Why is sauna so exhausting?

A sauna session is usually very relaxing. But why do we feel limp and sleepy after a sauna session? There is a lot going on in your body that is causing your sleepiness. In this short article, you will learn why a sauna session can be both beneficial and exhausting for your body.
Why you feel tired and exhausted after the sauna session?

Why you feel tired and exhausted after the sauna session?

The heat that you find so pleasant and soothing is the cause of your sleepiness and exhaustion. The high temperature in the sauna increases your heart rate, and your blood vessels dilate. This, in turn, leads to a decrease in blood pressure. This is a natural and typical reaction to the heat in the sauna and can be positive for your health in many ways. However, it is a sign that your body is working harder and differently than it is used to. As a result, you may feel exhausted and tired.

Thermoregulation requires effort

Another body function is affected by sauna use and leads to fatigue. Thermoregulation is the mechanism that keeps the body temperature balanced and within the usual range. Two features of sauna affect thermoregulation and fatigue. When the central nervous system detects a rise in temperature, it instructs a brain region, the hypothalamus, to respond and deal with it. The hypothalamus, in turn, activates the rest of your body. The nervous system, muscles, organs and glands all go into action at the same time. Blood vessels also respond by dilating, a process called vasodilation, to cope with the increased blood flow and sweating.

Thermoregulation also affects the circadian rhythm

The circadian rhythm refers to a series of internal activities that contribute to your natural sleep-wake rhythm. Normally, your body temperature rises during the day and begins to drop at nightfall to allow you to sleep. The high heat of the sauna, followed by a gradual drop in body temperature, is consistent with this natural pattern.

When your body temperature drops, your body interprets this as a signal to sleep. It’s not surprising that you feel exhausted after a sauna session! After all, your body performs numerous tasks for you. In addition, other factors related to sauna use can also contribute to feelings of exhaustion and fatigue.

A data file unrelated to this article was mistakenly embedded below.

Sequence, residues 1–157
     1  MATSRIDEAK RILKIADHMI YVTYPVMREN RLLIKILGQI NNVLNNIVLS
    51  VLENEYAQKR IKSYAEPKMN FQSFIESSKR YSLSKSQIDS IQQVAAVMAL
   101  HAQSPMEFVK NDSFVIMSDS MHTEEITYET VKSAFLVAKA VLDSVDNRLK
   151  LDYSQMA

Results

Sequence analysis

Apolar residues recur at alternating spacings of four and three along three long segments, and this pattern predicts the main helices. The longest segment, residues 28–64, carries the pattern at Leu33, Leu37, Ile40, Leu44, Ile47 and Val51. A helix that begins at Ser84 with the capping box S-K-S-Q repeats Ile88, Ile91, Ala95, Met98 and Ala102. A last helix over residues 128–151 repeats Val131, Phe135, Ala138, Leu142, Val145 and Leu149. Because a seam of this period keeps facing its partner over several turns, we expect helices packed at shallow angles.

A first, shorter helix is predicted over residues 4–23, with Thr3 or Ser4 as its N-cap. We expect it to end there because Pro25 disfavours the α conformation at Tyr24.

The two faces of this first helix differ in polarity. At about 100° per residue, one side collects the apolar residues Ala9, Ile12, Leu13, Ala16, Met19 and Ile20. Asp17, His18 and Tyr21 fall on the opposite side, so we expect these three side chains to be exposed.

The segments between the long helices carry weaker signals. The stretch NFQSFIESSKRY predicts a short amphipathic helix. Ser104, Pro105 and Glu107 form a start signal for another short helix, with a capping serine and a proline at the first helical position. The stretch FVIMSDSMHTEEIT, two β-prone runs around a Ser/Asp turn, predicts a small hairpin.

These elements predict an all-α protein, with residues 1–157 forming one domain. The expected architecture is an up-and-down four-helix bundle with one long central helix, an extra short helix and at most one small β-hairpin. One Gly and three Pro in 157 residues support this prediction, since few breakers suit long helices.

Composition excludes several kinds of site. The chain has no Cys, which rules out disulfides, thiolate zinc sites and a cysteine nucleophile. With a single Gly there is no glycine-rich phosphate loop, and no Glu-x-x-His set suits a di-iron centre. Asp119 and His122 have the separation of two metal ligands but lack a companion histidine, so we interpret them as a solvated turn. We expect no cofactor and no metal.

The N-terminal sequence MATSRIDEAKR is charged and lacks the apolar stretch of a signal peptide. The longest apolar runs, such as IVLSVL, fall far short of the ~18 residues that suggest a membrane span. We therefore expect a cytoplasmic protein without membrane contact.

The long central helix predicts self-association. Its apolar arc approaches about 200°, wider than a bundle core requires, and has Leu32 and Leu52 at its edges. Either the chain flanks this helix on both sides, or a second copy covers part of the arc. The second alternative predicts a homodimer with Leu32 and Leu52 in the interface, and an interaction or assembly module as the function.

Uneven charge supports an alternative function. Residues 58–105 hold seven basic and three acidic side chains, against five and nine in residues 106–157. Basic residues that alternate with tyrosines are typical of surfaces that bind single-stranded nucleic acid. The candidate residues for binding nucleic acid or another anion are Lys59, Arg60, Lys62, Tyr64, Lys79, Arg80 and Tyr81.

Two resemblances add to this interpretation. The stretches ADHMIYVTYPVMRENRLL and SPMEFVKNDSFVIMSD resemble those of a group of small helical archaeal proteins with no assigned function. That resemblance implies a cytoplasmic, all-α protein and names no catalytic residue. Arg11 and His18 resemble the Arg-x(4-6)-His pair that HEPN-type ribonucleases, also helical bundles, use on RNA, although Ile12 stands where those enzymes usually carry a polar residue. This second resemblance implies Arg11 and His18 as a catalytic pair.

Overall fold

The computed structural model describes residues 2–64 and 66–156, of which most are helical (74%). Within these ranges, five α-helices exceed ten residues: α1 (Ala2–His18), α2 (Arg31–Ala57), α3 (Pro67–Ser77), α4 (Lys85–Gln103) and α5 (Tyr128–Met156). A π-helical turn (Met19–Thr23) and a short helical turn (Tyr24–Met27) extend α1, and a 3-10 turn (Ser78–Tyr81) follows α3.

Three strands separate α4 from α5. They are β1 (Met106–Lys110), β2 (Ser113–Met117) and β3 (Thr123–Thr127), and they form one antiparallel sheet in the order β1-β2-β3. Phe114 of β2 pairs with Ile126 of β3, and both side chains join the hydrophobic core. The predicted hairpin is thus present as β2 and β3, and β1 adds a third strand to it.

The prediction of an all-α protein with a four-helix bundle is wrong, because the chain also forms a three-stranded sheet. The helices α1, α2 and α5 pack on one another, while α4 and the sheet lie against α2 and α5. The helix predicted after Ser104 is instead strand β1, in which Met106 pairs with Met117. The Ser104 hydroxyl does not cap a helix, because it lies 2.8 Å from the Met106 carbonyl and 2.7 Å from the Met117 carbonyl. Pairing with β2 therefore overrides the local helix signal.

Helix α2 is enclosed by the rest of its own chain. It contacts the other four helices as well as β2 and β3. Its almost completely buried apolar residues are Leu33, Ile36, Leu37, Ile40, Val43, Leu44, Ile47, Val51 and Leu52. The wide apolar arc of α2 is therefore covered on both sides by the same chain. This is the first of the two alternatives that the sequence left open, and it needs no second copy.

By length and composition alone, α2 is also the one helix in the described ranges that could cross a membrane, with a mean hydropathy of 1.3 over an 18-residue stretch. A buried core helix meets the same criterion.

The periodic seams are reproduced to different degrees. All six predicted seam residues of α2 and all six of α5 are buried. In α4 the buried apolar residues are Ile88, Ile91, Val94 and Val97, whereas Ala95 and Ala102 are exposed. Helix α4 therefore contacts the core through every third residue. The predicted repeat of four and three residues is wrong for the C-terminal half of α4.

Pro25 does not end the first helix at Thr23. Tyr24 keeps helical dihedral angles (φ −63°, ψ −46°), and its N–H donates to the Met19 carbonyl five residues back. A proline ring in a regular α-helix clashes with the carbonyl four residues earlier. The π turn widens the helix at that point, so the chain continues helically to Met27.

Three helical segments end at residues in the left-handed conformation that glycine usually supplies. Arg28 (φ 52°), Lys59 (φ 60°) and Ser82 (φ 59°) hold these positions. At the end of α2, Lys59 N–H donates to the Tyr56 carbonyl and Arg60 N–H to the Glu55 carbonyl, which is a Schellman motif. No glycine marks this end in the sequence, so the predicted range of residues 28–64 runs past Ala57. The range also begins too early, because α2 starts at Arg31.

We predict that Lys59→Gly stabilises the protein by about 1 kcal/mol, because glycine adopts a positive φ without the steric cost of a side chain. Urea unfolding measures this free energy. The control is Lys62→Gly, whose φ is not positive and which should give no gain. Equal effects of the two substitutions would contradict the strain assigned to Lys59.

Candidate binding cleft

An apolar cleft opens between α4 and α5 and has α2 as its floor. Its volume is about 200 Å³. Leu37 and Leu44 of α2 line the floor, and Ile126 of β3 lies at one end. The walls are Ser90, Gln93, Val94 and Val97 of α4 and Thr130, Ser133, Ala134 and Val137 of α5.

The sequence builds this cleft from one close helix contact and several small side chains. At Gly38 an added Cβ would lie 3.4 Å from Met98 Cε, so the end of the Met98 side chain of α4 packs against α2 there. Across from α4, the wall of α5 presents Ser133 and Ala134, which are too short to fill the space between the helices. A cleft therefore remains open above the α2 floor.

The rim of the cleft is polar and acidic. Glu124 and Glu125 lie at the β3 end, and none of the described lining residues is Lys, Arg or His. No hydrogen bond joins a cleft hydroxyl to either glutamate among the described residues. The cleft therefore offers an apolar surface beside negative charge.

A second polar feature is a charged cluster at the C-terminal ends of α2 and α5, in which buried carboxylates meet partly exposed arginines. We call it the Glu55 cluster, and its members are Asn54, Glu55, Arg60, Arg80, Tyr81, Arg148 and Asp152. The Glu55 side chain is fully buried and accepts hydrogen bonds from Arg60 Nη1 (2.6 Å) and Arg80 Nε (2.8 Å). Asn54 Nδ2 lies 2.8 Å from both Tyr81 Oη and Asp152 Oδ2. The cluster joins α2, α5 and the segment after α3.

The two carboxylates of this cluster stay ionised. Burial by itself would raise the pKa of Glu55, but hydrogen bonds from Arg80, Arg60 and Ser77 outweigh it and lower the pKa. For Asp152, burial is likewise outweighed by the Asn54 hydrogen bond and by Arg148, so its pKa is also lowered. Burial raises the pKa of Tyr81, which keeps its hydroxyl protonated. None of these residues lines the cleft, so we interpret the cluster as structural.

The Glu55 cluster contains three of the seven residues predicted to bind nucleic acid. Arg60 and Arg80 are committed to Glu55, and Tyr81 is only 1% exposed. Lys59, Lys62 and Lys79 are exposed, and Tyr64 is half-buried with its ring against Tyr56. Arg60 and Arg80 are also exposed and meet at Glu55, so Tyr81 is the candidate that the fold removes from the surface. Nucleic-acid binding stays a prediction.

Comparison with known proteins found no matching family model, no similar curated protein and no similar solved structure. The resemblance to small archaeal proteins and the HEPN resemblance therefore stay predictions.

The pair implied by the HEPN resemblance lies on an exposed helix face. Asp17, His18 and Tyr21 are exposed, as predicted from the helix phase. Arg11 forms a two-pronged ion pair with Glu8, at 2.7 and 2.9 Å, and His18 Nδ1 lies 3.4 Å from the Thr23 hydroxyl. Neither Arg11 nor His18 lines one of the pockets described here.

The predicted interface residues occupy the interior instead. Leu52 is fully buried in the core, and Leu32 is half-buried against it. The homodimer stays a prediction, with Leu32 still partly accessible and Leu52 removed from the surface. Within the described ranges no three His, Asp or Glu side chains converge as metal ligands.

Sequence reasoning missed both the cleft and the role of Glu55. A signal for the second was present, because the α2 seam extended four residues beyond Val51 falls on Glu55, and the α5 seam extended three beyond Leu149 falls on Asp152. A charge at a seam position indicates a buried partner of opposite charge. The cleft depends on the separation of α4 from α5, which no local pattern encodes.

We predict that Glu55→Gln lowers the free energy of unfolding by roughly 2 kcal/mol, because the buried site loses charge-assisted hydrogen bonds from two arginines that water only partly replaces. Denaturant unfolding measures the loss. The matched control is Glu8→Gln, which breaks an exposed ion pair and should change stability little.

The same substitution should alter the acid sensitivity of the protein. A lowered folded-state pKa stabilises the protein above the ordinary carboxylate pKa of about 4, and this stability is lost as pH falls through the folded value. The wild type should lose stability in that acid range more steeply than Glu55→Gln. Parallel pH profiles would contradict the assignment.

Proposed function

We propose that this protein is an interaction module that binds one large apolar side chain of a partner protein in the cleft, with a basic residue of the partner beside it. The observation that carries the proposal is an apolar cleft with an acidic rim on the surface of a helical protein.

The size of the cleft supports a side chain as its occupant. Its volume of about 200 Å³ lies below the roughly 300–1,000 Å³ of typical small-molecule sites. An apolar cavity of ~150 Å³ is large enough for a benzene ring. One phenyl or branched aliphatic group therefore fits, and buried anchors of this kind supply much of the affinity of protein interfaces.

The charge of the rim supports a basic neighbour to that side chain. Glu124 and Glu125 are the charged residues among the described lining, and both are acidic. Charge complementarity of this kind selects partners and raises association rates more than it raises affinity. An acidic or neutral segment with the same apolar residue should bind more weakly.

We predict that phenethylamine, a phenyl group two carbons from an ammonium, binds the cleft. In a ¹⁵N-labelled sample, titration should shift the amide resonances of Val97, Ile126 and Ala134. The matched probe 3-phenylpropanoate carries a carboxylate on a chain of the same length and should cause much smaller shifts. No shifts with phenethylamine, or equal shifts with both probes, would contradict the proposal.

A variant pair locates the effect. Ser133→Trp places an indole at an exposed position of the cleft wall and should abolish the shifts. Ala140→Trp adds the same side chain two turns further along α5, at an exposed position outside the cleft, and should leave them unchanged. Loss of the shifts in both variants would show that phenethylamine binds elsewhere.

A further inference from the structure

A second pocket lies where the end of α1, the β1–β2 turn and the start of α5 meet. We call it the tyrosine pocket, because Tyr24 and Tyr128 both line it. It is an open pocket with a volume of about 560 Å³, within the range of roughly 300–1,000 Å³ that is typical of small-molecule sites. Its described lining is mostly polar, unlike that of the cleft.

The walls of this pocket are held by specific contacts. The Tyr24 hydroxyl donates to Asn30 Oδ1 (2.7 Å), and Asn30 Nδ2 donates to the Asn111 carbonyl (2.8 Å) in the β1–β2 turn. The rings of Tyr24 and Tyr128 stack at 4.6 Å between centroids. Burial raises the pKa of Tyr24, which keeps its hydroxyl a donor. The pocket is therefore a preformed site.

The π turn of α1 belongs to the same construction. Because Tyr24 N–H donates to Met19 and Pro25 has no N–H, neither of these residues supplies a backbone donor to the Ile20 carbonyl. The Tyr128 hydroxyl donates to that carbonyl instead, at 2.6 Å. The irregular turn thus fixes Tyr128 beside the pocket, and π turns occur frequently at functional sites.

What happens after leaving the sauna?

When you leave the sauna, your body has to readjust. Cooling down is not a natural process. Your body has to work hard to achieve this cooling down. Vasoconstriction restores the natural diameter of blood vessels, and a process called thermogenesis allows your muscles and organs to generate heat. In other words: Your glands release hormones to boost metabolism and generate heat. Thermoregulation is very strenuous and stressful on the body. This is one of the main reasons why saunas require so much energy.

Other reasons that can contribute to exhaustion

In addition to our body’s natural reactions to the heat in the sauna, there are other factors that can contribute to fatigue and exhaustion.

  • Dehydration is a common result of intense sweating in the sauna. Excessive fluid loss leads to acute dehydration, which leaves us tired and exhausted. Therefore, make sure you drink enough water before taking a sauna and afterward to compensate for fluid loss.
  • People with certain medical conditions, such as diabetes or heart disease, should consult their doctor before using the sauna. Sauna sessions can aggravate these conditions and cause additional fatigue.
  • The high temperatures in the sauna speed up your heart rate and circulation. This can interfere with the distribution of some medications in your body and/or metabolism, leaving you fatigued and putting your health and safety at risk. It has been reported that corticosteroids and nicotine patches, as well as other medications, may be affected by sauna use. Consult your doctor or pharmacist if you are taking medications to make sure sauna use is safe for you.
  • If you disregard sauna safety rules and maintain an excessively high room temperature or stay in the sauna too long, you may endanger yourself and become fatigued. Also, never stay in a regular sauna for more than 15 minutes or in an infrared sauna for more than 20 minutes.


Remember why you are exhausted after your sauna session. Your organism has worked hard, it is actively involved in the recovery process, and thermoregulation signals you that it is time to sleep. You should use the sauna later in the day and take at least an hour to an hour and a half to cool down (otherwise, the higher temperature will keep you awake).


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